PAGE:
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Powder vs liquid detergent – which cleaned up in our tests?

Gel detergents

Once again, Which? tests have shown up the differences between liquid and gel detergents compared to powders. So is powder or liquid detergent the way to go if your main aim is to get your laundry clean?

We’ve just published our latest liquid and gel laundry detergent test results, which include big brands like Ariel, Bold, Fairy and Persil. Let’s just say that the gels and liquids didn’t perform too well against the best powders on test…

In fact, liquids from two major brands were so poor at stain removal that we’ve made them Don’t Buys. Bold’s 2in1 Bio Gel and Fairy’s Non Bio Gel are both so bad at getting rid of coloured stains such as blood, grass and mud, that we recommend you avoid them.

Are liquids and gels money down the drain?

Fear not, it’s not all bad news for liquids and gels. Although their stain removal power varies, as they don’t contain any bleach, these detergents are good at keeping colours bright. Better, in fact, than many of the powders we’ve tested.

So if you’re unlikely to get red wine, grease or blood stains on your clothes, and you like to keep colours from fading, you might not need the cleaning power of powder detergent.

Which detergent do you use?

Personally, I have both powder and gel detergents at home. My standard wash involves clothes I’ve exercised in, so these always need a good wash with powder. Ariel’s Biological powder with Actilift does the trick for me and there are no complaints from my partner.

When I run a delicate or hand-wash cycle in the washing machine, I’ll use the gel version of Actilift or Persil’s Small & Mighty bio liquid. And I can often find these detergents on special offer somewhere if I keep my eyes open.

Do you, like me, change between powder and liquid detergent for different types of laundry? Or do you stick with the same detergent whatever the condition of your clothes, bedding or towels?

What type of laundry detergent do you use?

Liquid or gel detergents (40%, 514 Votes)

Powder or tablet detergents (33%, 416 Votes)

Both powder and liquid detergents (26%, 337 Votes)

Total Voters: 1,274

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Comments
Profile photo of Beryl
Member

There are some speculative reports that claim we are becoming too clean as a nation which may account for the large increase in allergies. I recall as a child handling and eating things without washing my hands that would appall me today but I have developed more allergies since I have become more hygienic.

My question therefore is, are we becoming too clean for our own good and are our immune systems being compromised because of this?

Profile photo of John Ward
Member

It’s hard to tell, Beryl. I have been squeaky clean all my life and have no allergies or reactions to anything. I believe I developed a healthy immune system at a young age through normal exposure to risks. I have never taken any medicine apart from the very occasional aspirin and some cold sore ointment from time to time; perhaps that helps.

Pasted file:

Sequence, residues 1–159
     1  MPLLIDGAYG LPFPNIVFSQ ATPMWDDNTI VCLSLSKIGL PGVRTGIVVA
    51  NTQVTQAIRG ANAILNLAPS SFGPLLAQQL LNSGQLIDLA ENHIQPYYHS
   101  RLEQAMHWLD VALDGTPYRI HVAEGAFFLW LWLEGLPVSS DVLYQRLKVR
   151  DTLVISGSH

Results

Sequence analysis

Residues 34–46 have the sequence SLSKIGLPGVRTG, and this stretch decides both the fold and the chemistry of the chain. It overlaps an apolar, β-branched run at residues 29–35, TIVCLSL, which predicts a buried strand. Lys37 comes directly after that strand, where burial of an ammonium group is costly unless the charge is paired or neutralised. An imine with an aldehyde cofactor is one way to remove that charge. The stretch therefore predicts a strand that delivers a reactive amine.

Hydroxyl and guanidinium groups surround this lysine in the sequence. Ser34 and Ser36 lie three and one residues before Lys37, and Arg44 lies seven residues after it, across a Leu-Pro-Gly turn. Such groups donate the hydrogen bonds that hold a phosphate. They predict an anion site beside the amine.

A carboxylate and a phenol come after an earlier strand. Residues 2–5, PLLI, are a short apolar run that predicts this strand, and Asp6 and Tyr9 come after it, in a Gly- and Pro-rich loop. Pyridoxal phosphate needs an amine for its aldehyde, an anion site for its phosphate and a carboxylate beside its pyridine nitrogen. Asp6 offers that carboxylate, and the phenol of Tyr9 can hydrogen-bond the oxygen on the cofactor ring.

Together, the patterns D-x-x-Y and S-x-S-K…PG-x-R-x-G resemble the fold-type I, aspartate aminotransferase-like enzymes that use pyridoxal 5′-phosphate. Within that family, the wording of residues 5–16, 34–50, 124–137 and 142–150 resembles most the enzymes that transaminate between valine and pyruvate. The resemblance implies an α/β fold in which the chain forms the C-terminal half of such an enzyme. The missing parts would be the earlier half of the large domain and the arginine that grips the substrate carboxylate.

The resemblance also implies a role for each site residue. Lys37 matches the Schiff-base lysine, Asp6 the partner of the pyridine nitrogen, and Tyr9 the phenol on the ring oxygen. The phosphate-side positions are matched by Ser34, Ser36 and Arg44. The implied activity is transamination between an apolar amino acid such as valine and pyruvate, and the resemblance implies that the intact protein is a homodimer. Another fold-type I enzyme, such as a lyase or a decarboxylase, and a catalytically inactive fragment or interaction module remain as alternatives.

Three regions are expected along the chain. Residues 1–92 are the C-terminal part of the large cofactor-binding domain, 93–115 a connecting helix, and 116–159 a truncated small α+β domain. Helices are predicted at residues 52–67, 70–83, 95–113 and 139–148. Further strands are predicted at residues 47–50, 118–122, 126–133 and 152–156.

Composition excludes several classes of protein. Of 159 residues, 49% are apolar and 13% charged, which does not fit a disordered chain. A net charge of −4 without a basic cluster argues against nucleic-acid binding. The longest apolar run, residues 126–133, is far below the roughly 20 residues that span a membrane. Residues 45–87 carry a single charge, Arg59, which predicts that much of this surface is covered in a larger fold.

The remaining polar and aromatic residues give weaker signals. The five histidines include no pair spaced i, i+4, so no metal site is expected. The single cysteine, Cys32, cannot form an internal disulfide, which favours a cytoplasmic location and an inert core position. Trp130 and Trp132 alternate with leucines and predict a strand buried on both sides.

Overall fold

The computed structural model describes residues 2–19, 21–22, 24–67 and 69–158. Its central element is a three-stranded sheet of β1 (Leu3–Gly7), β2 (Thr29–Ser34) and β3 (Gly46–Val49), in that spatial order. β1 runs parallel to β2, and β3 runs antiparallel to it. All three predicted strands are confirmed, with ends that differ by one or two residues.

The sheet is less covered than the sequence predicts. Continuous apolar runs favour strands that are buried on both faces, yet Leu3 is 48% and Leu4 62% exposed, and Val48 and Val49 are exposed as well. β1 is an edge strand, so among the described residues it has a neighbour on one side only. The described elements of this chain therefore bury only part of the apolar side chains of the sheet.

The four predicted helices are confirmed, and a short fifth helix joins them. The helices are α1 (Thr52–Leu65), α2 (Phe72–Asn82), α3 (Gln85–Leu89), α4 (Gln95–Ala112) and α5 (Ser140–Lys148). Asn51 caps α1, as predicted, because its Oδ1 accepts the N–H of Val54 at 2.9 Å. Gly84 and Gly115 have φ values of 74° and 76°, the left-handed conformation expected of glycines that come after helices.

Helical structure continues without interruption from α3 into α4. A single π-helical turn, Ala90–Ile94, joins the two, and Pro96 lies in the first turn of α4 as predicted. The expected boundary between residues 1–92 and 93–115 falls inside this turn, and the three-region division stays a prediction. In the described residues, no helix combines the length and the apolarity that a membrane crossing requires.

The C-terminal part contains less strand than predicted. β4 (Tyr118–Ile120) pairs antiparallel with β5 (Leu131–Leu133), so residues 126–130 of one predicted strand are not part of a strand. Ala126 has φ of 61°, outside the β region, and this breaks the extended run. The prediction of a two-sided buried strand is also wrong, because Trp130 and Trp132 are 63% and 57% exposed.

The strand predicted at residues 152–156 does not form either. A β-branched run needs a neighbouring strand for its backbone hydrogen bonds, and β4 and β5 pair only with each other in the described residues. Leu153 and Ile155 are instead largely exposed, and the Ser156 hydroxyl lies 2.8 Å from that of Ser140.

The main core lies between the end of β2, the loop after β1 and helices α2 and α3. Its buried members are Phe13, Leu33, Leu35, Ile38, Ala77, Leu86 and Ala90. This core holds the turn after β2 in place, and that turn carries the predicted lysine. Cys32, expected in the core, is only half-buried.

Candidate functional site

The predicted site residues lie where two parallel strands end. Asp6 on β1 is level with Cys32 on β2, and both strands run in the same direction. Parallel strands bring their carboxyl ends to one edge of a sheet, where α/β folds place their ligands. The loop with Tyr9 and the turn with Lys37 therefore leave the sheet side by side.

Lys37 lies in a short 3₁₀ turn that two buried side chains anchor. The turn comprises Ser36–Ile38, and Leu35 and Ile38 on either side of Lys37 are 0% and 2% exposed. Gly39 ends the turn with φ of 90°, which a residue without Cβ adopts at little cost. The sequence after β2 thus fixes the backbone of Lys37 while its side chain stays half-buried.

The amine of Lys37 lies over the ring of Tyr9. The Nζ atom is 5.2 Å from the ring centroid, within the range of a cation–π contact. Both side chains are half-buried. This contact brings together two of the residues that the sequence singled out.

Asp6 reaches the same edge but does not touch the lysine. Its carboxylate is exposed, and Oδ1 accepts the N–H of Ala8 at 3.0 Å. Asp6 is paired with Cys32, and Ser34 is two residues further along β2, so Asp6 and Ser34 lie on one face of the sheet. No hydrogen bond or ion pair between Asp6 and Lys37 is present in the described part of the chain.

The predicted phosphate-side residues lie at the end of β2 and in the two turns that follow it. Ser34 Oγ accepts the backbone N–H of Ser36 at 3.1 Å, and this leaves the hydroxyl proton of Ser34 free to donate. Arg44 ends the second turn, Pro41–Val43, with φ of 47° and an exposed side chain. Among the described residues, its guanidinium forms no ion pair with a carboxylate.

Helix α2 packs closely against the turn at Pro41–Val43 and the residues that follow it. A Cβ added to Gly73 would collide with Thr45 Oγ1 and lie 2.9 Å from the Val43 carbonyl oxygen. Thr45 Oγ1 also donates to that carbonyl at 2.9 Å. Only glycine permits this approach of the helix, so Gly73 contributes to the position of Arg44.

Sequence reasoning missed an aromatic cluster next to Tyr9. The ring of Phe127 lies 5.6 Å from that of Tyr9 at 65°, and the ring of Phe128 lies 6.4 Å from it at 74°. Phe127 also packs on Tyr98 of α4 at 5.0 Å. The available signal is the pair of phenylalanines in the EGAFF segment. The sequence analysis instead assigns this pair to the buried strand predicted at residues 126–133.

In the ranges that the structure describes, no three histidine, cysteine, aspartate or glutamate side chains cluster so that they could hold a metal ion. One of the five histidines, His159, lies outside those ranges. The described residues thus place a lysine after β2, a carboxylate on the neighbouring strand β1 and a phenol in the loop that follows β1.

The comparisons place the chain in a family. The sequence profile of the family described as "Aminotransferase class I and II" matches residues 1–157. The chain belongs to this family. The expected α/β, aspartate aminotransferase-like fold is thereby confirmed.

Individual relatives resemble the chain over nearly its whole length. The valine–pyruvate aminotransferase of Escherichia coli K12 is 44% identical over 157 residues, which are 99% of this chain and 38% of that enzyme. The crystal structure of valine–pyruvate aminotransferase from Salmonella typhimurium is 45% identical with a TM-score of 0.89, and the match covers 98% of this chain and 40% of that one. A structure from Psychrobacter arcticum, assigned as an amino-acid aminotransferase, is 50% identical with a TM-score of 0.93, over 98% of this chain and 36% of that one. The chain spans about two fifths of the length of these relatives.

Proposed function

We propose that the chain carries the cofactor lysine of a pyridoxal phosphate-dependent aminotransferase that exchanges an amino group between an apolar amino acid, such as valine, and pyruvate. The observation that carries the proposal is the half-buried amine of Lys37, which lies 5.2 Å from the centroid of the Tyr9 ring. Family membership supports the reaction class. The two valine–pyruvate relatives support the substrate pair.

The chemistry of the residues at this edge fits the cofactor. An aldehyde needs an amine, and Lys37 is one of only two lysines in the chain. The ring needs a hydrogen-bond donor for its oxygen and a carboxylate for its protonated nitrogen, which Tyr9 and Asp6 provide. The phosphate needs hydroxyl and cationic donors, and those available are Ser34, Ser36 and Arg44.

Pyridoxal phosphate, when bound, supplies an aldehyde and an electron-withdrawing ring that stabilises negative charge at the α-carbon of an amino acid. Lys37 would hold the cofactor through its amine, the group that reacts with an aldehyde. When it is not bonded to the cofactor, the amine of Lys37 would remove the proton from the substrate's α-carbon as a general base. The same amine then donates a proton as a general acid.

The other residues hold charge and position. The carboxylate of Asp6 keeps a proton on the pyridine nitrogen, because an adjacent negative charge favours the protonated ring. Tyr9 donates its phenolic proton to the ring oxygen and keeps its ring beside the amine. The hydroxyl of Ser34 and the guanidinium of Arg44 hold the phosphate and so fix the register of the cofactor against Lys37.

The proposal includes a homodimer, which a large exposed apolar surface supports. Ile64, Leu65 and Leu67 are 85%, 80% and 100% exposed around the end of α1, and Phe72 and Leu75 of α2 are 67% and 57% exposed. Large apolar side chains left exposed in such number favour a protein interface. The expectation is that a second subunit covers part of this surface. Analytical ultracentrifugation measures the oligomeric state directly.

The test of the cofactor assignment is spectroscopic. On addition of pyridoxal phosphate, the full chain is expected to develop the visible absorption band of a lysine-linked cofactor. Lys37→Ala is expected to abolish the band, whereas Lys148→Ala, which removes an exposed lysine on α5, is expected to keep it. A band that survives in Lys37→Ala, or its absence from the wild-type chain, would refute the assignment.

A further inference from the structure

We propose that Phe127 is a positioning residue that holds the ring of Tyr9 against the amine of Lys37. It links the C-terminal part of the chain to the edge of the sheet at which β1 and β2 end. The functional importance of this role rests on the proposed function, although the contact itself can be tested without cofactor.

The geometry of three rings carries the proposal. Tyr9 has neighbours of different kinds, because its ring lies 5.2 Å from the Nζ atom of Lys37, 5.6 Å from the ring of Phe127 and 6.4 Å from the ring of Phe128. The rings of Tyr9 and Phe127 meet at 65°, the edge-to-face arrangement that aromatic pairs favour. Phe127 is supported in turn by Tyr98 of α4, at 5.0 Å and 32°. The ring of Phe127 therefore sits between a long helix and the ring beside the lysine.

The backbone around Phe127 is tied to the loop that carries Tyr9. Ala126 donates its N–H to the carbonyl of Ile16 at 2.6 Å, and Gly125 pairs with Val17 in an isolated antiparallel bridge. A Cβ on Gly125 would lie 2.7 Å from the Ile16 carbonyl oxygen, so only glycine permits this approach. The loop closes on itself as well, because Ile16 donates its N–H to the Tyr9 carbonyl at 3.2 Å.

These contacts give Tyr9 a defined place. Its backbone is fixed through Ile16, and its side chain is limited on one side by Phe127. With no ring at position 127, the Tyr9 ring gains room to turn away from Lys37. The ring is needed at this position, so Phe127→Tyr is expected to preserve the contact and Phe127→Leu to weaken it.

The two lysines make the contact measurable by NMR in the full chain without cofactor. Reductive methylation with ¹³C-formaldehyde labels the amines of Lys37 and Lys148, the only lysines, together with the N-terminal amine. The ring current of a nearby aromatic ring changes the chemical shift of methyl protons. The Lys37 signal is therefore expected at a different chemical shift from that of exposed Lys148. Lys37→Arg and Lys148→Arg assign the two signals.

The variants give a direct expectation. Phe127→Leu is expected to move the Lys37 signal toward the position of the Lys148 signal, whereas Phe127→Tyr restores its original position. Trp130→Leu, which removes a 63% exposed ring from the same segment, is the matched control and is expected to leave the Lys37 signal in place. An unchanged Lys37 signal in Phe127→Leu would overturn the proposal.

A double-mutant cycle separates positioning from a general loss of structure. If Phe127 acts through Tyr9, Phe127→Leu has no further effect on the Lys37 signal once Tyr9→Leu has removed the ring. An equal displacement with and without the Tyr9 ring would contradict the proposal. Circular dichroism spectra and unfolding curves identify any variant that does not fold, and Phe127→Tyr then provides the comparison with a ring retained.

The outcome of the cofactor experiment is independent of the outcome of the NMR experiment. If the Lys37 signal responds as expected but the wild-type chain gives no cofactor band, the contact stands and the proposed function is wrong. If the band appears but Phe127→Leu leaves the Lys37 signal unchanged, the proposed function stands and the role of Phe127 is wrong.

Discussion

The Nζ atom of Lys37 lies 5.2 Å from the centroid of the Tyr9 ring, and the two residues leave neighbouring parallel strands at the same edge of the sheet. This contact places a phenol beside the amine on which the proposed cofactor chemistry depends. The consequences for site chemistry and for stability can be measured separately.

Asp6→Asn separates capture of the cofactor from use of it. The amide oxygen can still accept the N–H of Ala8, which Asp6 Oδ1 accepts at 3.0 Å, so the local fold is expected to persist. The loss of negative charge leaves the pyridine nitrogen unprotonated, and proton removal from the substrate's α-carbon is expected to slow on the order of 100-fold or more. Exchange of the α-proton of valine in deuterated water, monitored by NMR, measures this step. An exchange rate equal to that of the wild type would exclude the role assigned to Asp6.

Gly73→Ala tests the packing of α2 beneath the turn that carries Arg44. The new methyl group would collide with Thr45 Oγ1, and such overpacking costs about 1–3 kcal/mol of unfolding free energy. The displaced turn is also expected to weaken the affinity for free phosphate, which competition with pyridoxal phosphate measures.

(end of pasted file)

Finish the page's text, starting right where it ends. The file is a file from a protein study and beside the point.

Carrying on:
Profile photo of wavechange
Member

The problem is that we really don’t know, Beryl. There are so many factors that may be relevant. Air quality, ingestion of different chemicals in food (processed for example foods and residual pesticides and fungicides) have been suggested as possible factors. Changes in individual sensitivities and allergies might not be useful indicators. For example, I developed a severe problem with moulds in foods in the 90s, including blue cheeses, but that has disappeared. I never used to have a problem with dogs or cats but now do, though the problem is subsiding.

In my view we are not paying enough attention to synergistic effects. If exposure to either A or B causes a mild problem, exposure to both A and B may cause a more severe reaction.

Individuals can be very different and it is certainly worth experimenting systematically to explore what causes us problems. Staying with family or friends or going away on holiday provides a completely different environment which can be very helpful when exploring problems. I have never bought a scented candle or plug-in air freshener but I know to avoid them at all costs.

Profile photo of wavechange
Member

@beryl – In another Convo you have mentioned that you are eating peanut butter. That’s fine for most of us, but the number that suffer severe reactions, even anaphylactic shock, has grown over the years, just like the incidences of allergy. There is so much we don’t understand.

Profile photo of Beryl
Member

Yes Wavechange, I do sympathise with people who have nut allergy. Toblerone contains hazelnuts so I am guessing it is also out of bounds for allergy sufferers.

I have given up eating chocolate on a regular basis and as a self confessed chocoholic don’t really miss it anymore. I have to keep a close check on my weight with inherited auto-immune hypothyroidism, as I am sure you are aware it is a metabolic disorder so I have to keep a close check on my sugar consumption. Thankfully I don’t need to take any other medication for anything else and my GP is at a loss to understand why my hair should still be it’s natural colour and not yet completely grey!

There is continuing research into nut allergy and why it is on the increase, including trial feeding to infants and pregnant women, but as you say there is so much we still don’t understand about the amazing workings of the human body and probably never will get to know the whole picture.

John I hope you continue to enjoy good health so that everyone can carry on benefitting from your interesting narratives and chronicles for a long time to come.